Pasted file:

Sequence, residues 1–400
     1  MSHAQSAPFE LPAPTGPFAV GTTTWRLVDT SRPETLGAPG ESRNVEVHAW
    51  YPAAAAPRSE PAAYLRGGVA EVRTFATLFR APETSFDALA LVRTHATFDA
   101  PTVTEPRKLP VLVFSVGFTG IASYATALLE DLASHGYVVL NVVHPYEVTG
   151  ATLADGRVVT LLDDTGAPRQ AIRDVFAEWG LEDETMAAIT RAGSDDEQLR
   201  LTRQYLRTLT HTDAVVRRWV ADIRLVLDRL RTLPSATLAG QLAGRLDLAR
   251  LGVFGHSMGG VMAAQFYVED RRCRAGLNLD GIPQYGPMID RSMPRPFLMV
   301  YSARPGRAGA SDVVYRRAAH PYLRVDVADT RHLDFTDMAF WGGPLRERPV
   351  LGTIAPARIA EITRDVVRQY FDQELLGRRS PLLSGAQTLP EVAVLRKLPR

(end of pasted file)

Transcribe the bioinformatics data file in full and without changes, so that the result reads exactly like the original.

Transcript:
Sequence, residues 1–400
     1  MSHAQSAPFE LPAPTGPFAV GTTTWRLVDT SRPETLGAPG ESRNVEVHAW
    51  YPAAAAPRSE PAAYLRGGVA EVRTFATLFR APETSFDALA LVRTHATFDA
   101  PTVTEPRKLP VLVFSVGFTG IASYATALLE DLASHGYVVL NVVHPYEVTG
   151  ATLADGRVVT LLDDTGAPRQ AIRDVFAEWG LEDETMAAIT RAGSDDEQLR
   201  LTRQYLRTLT HTDAVVRRWV ADIRLVLDRL RTLPSATLAG QLAGRLDLAR
   251  LGVFGHSMGG VMAAQFYVED RRCRAGLNLD GIPQYGPMID RSMPRPFLMV
   301  YSARPGRAGA SDVVYRRAAH PYLRVDVADT RHLDFTDMAF WGGPLRERPV
   351  LGTIAPARIA EITRDVVRQY FDQELLGRRS PLLSGAQTLP EVAVLRKLPR